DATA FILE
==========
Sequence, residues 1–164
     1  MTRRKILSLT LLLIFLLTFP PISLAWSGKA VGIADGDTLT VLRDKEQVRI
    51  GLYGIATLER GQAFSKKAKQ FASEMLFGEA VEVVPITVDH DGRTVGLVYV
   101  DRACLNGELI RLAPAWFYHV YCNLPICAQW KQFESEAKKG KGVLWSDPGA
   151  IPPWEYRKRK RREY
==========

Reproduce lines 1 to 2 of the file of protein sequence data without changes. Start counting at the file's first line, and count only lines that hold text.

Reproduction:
Sequence, residues 1–164
     1  MTRRKILSLT LLLIFLLTFP PISLAWSGKA VGIADGDTLT VLRDKEQVRI